Tuesday, July 6, 2010

A "Proportionate" Response

Greenwald unleashes on the Obama administration for its continuation (and deepening) of the Bush-era policy in Afghanistan. Money quote:

[W]hen we decide that an American citizen is Guilty of Terrorism, there is no need for a trial, or due process, or even any public presentment of evidence. It suffices that we have concluded this in secret, with no checks or external review. Once we decide that, the death penalty is imposed and we will execute it ourselves. We are literally Judge, Jury and Executioner. And, despite the fact that we have been continuously wrong in our accusations of Terrorism and have even knowingly imprisoned innocent people, you'll just take our word for it, on blind faith, that the citizen we want to kill is really an Evil Terrorist. Yes, it's true that you refused to accept that same rationale when the Bush administration used it merely to eavesdrop on or detain American citizens -- in fact, you screeched that those less extreme policies were tyranny and a shredding of the Constitution when they did it -- but you should nonetheless accept this mentality when we use it to murder your fellow citizens who have never even been charged with any crime.

The piece also links to a story about an email exchange -- forwarded unwittingly by Gen. David Petraeus -- between Petraeus and neocon columnist Max Boot. In the exchange, the general discusses statements Petraeus submitted during testimony before Congress about the Israeli/Palestinian conflict. You might recall that that statement was seized upon by proponents of the administration's position on the conflict that Petraeus was realistic and pragmatic re: Israel than many in the administration and Congress were publicly willing to admit. But, in his exchange with Boot, he clearly downplayed that statement as though he had no real investment in it:

[2:27 p.m.] From: Petraeus, David H GEN MIL USA USCENTCOM CCCC/CCCC To: Max Boot Subject: FW: On the Middle East: It's Palin vs Petraeus
As you know, I didn't say that. It's in a written submission for the record...

[2:31 p.m. reply from Boot]: Oh brother. Luckily it's only [blog] media matters which has no credibility but think I will do another short item pointing people to what you actually said as opposed to what's in the posture statement.

From: Petraeus, David H GEN MIL USA USCENTCOM CCCC/CCCC 2:37 p.m.
Thx, Max. (Does it help if folks know that I hosted Elie Wiesel and hiswife at our quarters last Sun night?! And that I will be the speaker atthe 65th anniversary of the liberation of the concentration camps inmid-Apr at the Capitol Dome...)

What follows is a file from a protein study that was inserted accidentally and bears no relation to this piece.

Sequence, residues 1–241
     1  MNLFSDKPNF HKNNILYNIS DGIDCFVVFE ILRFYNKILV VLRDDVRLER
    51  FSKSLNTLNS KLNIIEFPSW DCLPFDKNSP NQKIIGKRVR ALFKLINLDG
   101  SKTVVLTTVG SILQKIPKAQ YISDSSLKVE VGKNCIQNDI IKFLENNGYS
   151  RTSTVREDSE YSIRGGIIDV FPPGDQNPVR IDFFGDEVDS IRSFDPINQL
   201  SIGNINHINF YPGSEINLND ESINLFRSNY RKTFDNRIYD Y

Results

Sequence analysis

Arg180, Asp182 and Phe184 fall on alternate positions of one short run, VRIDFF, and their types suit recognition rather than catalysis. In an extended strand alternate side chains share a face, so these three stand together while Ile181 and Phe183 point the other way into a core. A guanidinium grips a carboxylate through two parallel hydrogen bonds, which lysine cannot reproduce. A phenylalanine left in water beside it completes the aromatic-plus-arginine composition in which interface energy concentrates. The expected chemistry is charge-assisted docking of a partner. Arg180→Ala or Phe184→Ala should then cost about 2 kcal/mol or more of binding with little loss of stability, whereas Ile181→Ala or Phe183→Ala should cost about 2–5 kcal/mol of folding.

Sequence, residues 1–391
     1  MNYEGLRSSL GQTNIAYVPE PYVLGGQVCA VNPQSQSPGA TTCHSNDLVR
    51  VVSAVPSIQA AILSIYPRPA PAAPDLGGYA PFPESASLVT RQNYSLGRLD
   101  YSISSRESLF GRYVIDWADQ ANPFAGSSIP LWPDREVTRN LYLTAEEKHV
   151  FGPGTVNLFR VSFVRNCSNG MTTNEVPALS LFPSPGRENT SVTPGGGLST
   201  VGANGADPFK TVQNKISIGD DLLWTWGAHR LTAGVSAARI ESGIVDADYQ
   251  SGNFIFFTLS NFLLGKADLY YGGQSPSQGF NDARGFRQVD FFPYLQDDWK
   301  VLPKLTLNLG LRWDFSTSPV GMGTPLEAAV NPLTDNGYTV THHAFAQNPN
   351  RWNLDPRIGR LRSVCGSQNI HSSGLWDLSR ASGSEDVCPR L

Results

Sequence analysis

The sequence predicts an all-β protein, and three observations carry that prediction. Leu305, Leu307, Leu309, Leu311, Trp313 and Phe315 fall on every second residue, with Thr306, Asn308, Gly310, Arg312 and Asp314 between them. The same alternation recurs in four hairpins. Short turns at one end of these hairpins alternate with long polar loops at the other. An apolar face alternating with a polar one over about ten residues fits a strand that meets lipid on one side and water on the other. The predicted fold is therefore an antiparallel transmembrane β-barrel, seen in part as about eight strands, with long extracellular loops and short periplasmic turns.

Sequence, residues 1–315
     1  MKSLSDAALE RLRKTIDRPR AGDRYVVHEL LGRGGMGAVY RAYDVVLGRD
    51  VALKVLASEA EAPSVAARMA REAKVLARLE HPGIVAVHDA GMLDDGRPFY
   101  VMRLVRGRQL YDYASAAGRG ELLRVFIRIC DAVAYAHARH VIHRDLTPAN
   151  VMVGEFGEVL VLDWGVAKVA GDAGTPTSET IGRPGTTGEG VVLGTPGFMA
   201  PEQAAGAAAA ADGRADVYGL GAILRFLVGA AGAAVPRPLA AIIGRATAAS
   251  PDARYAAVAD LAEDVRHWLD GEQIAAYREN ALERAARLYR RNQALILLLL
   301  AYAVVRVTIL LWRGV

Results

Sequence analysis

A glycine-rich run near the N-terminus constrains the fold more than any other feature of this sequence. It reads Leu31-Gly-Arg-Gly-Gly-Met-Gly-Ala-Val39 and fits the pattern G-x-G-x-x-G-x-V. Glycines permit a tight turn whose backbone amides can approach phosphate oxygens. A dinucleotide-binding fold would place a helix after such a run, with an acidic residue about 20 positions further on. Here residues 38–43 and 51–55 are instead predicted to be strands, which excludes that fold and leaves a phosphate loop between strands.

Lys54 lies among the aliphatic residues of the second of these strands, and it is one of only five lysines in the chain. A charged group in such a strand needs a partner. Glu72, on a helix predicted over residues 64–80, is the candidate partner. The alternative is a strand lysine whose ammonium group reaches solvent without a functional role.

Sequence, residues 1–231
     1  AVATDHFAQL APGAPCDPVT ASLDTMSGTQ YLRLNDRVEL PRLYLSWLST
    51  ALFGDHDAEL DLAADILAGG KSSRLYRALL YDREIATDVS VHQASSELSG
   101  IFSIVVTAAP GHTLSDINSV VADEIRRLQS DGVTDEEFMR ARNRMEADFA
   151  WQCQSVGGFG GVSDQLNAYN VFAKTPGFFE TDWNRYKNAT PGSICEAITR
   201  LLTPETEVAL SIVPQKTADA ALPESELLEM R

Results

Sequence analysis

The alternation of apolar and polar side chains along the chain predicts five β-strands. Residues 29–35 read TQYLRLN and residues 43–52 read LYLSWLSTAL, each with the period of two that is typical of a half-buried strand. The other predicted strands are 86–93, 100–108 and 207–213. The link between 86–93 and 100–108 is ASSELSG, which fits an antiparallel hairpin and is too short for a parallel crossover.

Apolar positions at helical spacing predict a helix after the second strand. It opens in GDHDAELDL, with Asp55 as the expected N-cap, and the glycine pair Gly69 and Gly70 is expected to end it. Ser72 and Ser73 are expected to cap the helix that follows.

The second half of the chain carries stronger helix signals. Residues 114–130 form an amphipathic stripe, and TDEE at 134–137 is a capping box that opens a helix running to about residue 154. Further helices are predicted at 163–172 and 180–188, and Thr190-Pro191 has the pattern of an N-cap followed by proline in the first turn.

[2:45 Boot]: No don't think that's relevant because you're not being accused of being anti-Semitic.

[2:57 Petraeus]: Roger! :-)

I sort of like that Petraeus, at least in this exchange, comes across like a neophyte in the area of world politics. Considering that he has a Masters in Public Administration and a Ph.D. in International Relations, and has risen to the top of the military and advised two successive presidetial administrations, one could easily draw the conclusion that he is merely faking the naivete that permeates this exchange. But that would be just wrong.

That Petraeus would think there is a difference between what he says during testimony and what is contained in a "posture statement" submitted for the record is sickeningly disingenuous. What we now know about Petraeus, who has repeatedly claimed not to have any political ambitions outside the military, is that he is a schemer of the highest order who will (clearly) have to do a better job of policing his communications to avoid looking like a schemer of the highest order.

Back to Greenwald's piece for a moment -- Greenwald also has a fit over the fact that the US is involved in the longest war in our history over what one Obama administration official has confirmed in a Newsweek interview is about 300-400 al Qaeda members in Afghanistan and Pakistan combined. Over these 300-400 people, the Bush and Obama administrations have conceived, implemented, hidden, and then defended positions on activities that range from mere eavesdropping without warrant to torture to outright assassination of US citizens without due process. All because we want to take the battle over there so they don't bring it over here. Well, Greenwald is, of course, right to point out the overwhelmingly disproportionate response the US has waged, especially since our involvement over there is very likely the #1 reason Terrorists can recruit new blood to continue perpetrating their cult of death. However, another BIG reason is because these people perpetuate a cult of death! Not to get all ideological, but there is an element of wild-eyed, Kamikaze-like fanaticism in the actions of jihadist terrorists, no? Better to have us over there, doing as earnest a job as we can to convince people who live there that there is something better than what they have had, and what they could have if we leave the Taliban to continue doing what they're doing. If you want to call it nation- or empire-building, then do so. But to me, a long-term presence there to monitor developments (the way we did in Japan, Korea, and Germany) can have benefits if there is the support of the local people.

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